Two years after UP President Danilo L. Concepcion signed Proclamation 1, Series of 2018, which dedicates Sept. 21 of every year as the UP Day of Remembrance, the university commemorates and honors the memory of UP’s martyrs who fought during the Martial Law continues despite the on-going pandemic.
On Sept. 21, 2020, the UP System opened its two-day, four-part webinar for the 2020 UP Day of Remembrance with the theme “Dambana ng gunita: mga hulagway ng pagkamulat at kabayanihan, 1972-1986.”
President Concepcion, in his welcome message, said that the sacrifices made by the UP faculty members, staff, and students in fighting dictatorship during Martial Law should never be forgotten.
The UP Day of Remembrance, he said, is an avenue to awaken the consciousness of the people. He noted that this would lead them to appreciate the freedom that they enjoy and to pursue the bright future for the country that the martyrs had earlier longed for.
In her opening remarks, Dr. Elena Pernia, UP vice president for public affairs, said that the two-day virtual learning event would remember the struggles and causes not only of those from UP, but also of those outside the university.
The inaugural session in the morning of Sept. 21, entitled “Hamon ng batas militar,” featured the talk of four UP alumni who looked back at their ordeals immediately before and during Martial Law.
Carol Pagaduan-Araullo, chair of Bagong Alyansang Makabayan and 1972 vice chair of the University Student Council, recalled that even before former President Ferdinand Marcos declared Martial Law on Sept. 21, 1972 through Proclamation No. 1081, many had already read through his actions and events that happened in the country.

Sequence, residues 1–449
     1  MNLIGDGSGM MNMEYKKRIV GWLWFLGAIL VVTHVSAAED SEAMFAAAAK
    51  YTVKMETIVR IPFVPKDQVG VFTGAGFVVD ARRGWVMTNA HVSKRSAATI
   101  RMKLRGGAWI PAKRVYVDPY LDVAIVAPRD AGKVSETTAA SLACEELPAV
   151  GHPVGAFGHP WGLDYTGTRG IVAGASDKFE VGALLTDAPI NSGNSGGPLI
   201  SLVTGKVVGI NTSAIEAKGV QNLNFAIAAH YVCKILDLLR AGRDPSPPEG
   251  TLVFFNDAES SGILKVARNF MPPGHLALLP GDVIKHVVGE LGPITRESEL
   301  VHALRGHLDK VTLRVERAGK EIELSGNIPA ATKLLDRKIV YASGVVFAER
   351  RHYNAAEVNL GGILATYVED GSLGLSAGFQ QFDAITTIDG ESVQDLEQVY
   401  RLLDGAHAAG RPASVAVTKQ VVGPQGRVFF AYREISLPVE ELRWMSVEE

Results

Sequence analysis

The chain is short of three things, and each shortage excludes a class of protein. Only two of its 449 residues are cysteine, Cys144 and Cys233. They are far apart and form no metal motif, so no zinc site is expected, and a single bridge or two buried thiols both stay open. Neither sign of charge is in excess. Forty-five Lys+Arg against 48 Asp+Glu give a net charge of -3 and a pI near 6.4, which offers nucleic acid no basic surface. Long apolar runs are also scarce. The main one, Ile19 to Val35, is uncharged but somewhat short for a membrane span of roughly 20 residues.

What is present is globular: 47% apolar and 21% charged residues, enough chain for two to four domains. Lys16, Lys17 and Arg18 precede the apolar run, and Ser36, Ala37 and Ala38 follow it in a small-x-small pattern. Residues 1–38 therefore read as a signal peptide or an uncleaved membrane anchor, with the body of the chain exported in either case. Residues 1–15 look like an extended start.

“Nababasa na ng marami ang maitim na balakin na ito,” Araullo said, as she cited the suspension of the Writ of Habeas Corpus in 1971 as among these warnings.
She emphasized that many in the university had been determined to oppose it, citing the First Quarter Storm and the Diliman Commune in 1970 and 1971, respectively.
Fellow speaker Mamerto Calalang, then an activist high school student in Pampanga, noted the sudden absence of radio on air after Martial Law was declared.
Calalang noted the role of the state of mass media, particularly the repressed free press, during those times. “Nung radyo ang isinara, naging pambansa ang karanasan ng buong Pilipinas,” the BA History graduate noted.
Social studies teacher Maria Cristina Pargas-Bawagan, who has educated her students at the Philippine Science High School about Martial Law, narrated her Martial Law ordeals that even extends to her family. From her political awakening in high school at Maryknoll College, she became an activist at UP and was eventually detained.
She lost her husband, fellow activist Jun Quimpo, during Martial Law. Their siblings, both on the Quimpo and Pargas sides, were also detained and tortured, including her sister Etta Rosales, former chair of the Commission on Human Rights.
Directly helping political detainees to regain their freedom, meanwhile, became the advocacy of another speaker, Liza Acevedo-Ilagan, after graduating from UP in the early 1980s when she joined the Task Force Detainees of the Philippines in Baguio City.
Now a fine arts professor at UP Baguio, Ilagan admitted that she was at first hesitant to talk about her Martial Law ordeals. But upon realizing that her stories would testify to the cruelties of the said period, especially to the younger generations, she stepped forward.
The webinar series features three other sessions. These are “Detendido. Desaparecido” in the afternoon of Sept. 21; “Sining at panitik: daluyan ng tinig” and “Patungong People Power: turning points” on Sept. 22.
The two-day learning event, which is accessible on Zoom and on the TVUP Youtube channel and website, also features an online exhibit, protest performances, and messages from the chancellors of UP constituent universities.
The webinar is open to educators, students, and to those who wish to learn more about Martial Law. (Mark Jayson E. Gloria)